I was alerted to a post on Climate Progress (h/t to Dan Hughes) titled
where it is written
“ABC news contacted 10 climate scientists to ask their take, if the extreme winter like the one we’re having is the way of the future. The consensus: global warming is playing a role by shifting weather patterns in unpredictable ways. Many say the forecast for the future calls for record-breaking precipitation and extreme temperatures year-round — and that means winter with more snow”
This statement encapsulates where we are in being able to predict the climate in the coming years and decades. Climate, as affected by both natural and human forcings and feedback, is unpredictable on these time scales!
The message that weather patterns shift in unpredictable ways is one the policymakers and others should recognize. While added CO2 undoubtedly plays a role, there are other first order human climate forcings as well as the effect of poorly understood natural variations.
As we wrote in our paper
Pielke Sr., R., K. Beven, G. Brasseur, J. Calvert, M. Chahine, R. Dickerson, D. Entekhabi, E. Foufoula-Georgiou, H. Gupta, V. Gupta, W. Krajewski, E. Philip Krider, W. K.M. Lau, J. McDonnell, W. Rossow, J. Schaake, J. Smith, S. Sorooshian, and E. Wood, 2009: Climate change: The need to consider human forcings besides greenhouse gases. Eos, Vol. 90, No. 45, 10 November 2009, 413. Copyright (2009) American Geophysical Union
we concluded, with respect to human climate forcings, that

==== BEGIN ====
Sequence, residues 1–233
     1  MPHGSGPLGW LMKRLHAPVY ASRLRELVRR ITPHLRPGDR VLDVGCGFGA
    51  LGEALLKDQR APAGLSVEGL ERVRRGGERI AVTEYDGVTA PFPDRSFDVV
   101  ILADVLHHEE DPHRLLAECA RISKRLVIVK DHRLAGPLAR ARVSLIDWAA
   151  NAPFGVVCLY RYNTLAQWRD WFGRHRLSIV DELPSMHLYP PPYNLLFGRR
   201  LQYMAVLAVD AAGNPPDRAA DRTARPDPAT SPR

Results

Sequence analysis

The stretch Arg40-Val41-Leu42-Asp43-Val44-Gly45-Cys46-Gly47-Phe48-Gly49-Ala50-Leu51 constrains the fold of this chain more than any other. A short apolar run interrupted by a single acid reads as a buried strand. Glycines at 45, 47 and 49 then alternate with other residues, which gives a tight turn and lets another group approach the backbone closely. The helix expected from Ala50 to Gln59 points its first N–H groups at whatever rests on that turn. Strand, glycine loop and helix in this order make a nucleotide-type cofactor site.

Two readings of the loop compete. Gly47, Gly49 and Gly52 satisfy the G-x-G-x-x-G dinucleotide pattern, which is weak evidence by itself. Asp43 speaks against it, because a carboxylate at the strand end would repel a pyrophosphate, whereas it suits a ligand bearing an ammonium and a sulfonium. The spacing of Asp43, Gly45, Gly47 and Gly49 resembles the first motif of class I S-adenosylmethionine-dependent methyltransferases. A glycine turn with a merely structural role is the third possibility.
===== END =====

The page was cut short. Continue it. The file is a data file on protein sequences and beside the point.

“…..the 2007 Intergovernmental Panel on Climate Change (IPCC) assessment did not sufficiently acknowledge the importance of these other human climate forcings in altering regional and global climate and their effects on predictability at the regional scale.”
The hypothesis that we reported in our paper as being supported by real world data is
“Although the natural causes of climate variations and changes are undoubtedly important, the human influences are significant and involve a diverse range of first-order climate forcings, including, but not limited to, the human input of carbon dioxide (CO2). Most, if not all, of these human influences on regional and global climate will continue to be of concern during the coming decades”
differs significantly from the 2007 IPCC conclusions.
The ABC news article interview of the climate scientists is actually a confession of the failure of the scientific robustness of the 2007 IPCC WG 1 report.